The Graduation Trip – Under the Northern Sky

Northern Lights, Polar Bears, and Food... RAW:Churchill
Northern Lights, Polar Bears, and Food...

THUNDER BAY – LIVING – Elementary school graduating classes are heading out on special trips all over the country. I remember what a big deal that tour was for myself and my classmates as we visited Toronto and Niagara Falls. Up to that point I had not ventured out much into the outside world and most of my experience had to do with my home remote First Nation of Attawapiskat.

Suddenly, as part of a reward for sticking with school, I found myself being flown out of the north and then being driven in a bus along major southern highways. It was so exciting to finally be experiencing first hand what I had seen on television as the modern, southern world. Just the fact that I could leave my remote home and move freely along a road to places far away was amazing to me.
Every stop at a place on the highway was exciting as I could order burgers, fries, milk shakes and sodas. Once we hit the city, I was shocked by how big it was. Myself and my friends had sore necks from straining to look up at the skyscrapers in downtown Toronto. Everything was so fast and busy. One thing that surprised me was that people on the streets did not look into each other’s eyes. There was little or no acknowledgement of anyone meeting each other on the sidewalks, in the restaurants or the subway system. It was as though people were in a trance.
The city was overwhelming for my classmates and I. Our school partnered with another school in the city in Mississauga and we stayed with families there in their own homes. We were surrounded by everything and anything anyone could want. The families we met were from a variety of backgrounds and we got exposed to whole new variety of cultures including Indian, Pakistani, Chinese and Caribbean. Everything seemed hectic in the city and that made me feel very nervous. There were all kinds of rules to follow in simply crossing a street, waiting for lights to change, ordering a meal in a restaurant and in living in our assigned homes. There was a stress to all this abundance that made me feel anxious and a little helpless if not frightened.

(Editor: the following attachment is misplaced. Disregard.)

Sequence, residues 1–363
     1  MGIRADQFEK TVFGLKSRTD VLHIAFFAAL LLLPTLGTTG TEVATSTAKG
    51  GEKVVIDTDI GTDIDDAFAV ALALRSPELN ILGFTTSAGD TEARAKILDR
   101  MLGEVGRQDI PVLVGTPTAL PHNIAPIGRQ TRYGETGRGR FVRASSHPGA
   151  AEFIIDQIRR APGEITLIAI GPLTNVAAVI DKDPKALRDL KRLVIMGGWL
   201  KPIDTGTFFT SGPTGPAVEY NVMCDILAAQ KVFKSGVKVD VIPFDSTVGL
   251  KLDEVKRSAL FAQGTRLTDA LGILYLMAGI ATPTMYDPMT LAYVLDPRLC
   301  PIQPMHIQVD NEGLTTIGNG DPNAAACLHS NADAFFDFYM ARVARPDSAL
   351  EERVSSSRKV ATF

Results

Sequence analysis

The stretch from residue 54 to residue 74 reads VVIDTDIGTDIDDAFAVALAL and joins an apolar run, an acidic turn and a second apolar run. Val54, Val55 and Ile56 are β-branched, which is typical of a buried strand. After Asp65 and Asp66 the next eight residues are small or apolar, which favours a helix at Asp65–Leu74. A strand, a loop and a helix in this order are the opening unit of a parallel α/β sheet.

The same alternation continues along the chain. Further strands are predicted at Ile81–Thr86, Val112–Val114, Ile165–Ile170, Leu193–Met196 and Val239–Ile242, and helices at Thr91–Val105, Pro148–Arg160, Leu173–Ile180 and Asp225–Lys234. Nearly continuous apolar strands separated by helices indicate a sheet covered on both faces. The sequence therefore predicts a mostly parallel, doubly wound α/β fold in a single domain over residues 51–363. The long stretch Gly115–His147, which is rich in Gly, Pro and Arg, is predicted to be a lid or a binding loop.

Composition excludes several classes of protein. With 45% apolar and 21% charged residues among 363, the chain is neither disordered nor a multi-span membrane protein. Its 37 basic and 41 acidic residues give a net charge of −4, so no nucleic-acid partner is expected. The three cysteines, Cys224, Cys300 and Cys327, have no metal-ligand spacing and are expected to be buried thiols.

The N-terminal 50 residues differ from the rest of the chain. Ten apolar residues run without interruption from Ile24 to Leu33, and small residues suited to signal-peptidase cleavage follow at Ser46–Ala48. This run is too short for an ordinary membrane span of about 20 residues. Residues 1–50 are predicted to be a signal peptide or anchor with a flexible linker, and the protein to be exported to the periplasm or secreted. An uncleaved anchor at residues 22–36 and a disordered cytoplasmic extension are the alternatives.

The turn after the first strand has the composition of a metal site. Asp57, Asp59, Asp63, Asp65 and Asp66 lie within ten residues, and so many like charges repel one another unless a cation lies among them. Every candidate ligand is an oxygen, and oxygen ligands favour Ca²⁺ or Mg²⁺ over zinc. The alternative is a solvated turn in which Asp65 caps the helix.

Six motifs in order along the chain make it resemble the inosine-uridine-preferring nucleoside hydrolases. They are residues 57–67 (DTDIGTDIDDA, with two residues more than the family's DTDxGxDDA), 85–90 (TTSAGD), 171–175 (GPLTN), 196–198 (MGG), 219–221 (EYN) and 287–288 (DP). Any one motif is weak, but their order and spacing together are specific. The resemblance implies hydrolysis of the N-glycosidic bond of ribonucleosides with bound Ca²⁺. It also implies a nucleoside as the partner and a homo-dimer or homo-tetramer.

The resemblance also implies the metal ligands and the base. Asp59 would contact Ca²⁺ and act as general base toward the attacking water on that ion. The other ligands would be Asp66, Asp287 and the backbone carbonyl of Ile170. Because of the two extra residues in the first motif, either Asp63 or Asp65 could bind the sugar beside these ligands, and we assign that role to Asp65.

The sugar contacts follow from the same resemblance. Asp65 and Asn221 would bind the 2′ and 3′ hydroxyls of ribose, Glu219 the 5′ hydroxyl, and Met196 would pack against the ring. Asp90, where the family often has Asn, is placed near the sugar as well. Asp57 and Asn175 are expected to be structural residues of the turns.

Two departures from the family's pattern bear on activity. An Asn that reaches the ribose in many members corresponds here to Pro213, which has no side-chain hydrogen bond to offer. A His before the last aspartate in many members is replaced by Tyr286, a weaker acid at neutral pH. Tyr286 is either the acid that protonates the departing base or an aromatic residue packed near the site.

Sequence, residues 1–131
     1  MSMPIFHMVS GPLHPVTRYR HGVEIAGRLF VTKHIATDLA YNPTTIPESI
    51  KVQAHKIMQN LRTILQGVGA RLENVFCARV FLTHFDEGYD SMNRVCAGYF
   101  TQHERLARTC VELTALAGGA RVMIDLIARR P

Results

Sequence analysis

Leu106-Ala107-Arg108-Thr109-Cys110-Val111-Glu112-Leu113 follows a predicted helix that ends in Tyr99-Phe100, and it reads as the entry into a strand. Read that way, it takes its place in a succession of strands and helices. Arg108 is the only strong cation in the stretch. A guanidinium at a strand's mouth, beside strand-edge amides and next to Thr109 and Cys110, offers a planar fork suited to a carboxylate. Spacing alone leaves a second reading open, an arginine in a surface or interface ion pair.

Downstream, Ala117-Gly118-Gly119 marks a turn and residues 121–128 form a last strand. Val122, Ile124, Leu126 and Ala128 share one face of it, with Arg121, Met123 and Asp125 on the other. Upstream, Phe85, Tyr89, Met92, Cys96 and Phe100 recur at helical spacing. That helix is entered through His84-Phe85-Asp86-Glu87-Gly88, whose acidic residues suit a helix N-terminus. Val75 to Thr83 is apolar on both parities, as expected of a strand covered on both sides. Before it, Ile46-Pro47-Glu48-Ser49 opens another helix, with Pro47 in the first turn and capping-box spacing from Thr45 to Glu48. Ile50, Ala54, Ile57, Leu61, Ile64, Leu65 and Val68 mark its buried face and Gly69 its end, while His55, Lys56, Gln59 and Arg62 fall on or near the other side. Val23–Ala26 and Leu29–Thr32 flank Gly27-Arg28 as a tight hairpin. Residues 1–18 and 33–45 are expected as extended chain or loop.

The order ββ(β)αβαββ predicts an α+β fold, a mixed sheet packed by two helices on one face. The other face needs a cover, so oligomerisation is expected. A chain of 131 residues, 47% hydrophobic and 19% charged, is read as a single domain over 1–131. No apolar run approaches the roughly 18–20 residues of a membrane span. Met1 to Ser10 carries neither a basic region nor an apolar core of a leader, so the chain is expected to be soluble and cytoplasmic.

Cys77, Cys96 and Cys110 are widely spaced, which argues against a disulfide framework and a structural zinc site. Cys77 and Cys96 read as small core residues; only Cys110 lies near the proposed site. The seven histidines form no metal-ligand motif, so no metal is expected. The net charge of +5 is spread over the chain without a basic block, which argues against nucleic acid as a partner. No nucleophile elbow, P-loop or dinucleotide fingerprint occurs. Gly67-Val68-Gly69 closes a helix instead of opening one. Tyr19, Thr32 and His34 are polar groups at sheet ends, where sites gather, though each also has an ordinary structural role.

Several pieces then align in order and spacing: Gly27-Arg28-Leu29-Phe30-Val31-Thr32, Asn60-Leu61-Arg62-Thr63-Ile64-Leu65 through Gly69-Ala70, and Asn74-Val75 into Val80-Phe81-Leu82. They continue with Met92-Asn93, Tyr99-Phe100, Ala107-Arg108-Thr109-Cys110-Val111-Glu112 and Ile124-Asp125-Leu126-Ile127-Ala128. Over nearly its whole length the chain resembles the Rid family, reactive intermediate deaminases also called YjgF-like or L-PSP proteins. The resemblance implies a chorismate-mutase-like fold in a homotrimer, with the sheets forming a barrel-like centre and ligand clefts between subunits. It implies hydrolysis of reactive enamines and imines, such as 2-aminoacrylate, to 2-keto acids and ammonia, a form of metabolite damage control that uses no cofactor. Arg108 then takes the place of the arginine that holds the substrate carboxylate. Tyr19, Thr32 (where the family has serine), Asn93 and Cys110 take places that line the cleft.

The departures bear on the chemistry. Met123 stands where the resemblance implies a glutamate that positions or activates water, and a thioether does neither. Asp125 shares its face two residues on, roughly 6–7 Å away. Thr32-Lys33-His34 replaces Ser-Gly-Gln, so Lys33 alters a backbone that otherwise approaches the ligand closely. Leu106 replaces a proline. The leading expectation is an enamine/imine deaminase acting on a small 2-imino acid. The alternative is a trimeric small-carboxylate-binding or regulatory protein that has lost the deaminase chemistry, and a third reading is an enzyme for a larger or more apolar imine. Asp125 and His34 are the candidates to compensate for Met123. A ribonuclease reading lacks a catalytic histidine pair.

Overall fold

Anything I could imagine that I could want was in the cities I visited. The Eaton centre was full of shops that housed all my dream fashions in clothes, hats and shoes. The electronic stores were full of gadgets that I yearned for. Restaurants were everywhere and there were so many different types of food that were available that I had never known about.

The reality that made me feel uncomfortable was that it all had to do with money. If you had money in this outside world and you were smart, successful and capable then everything was fine. However, if you ran out of money or if you could not fit in, then it could be that your fate would be that of the many homeless people I saw begging for money on the streets. In the middle of all of this luxury, riches and choice, I saw many Native people destitute and poor on the street merely trying to survive. None of that made sense to me and it scared me. I discovered on my school trip that this magical world of wealth and luxury was not available to everyone. It made me wonder if I would ever want to actually live in this type of world.

Even though things were dysfunctional and difficult back on my tiny, remote First Nation I never felt as though I was on my own. There were family and friends all around me and if times were hard we always knew that we could live from the land and have a meal of goose, moose and fish. Everything we needed to survive we had in the land around where we lived. If there was no money we still managed to live.

I have learned through education, the assistance of friends and family that it is possible to live in the outside world and still have a connection to the land. I have discovered how to survive and deal with all of the demands in the fast and complex outside world. Happily, I also learned how to live a sober life and avoid the traps of alcoholism and drug addiction. Without my sobriety I would never have been able to live a good life in the outside world.

Over the past two decades I have travelled much of the world, seen amazing cities and sites and enjoyed many different cultures. I have discovered that most of the world’s wealth and power rests in the hands of about 80 very wealthy people. More than half of the world population lives in terrible conditions with little shelter, not enough good food, a lack of clean water and under the rule of tyrannical governments. That uneasy sense that I felt on my graduation trip so many years ago was in fact an epiphany. That fact haunts me.

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Under The Northern Sky is the title of a popular Aboriginal news column written by First Nation writer, Xavier Kataquapit, who is originally from Attawapiskat Ontario on the James Bay coast. He has been writing the column since 1997 and it is is published regularly in newspapers across Canada. In addition to working as a First Nation columnist, his writing has been featured on various Canadian radio broadcast programs. Xavier writes about his experiences as a First Nation Cree person. He has provided much insight into the James Bay Cree in regards to his people’s culture and traditions. As a Cree writer, his stories tell of the people on the land in the area of Attawapiskat First Nation were he was born and raised.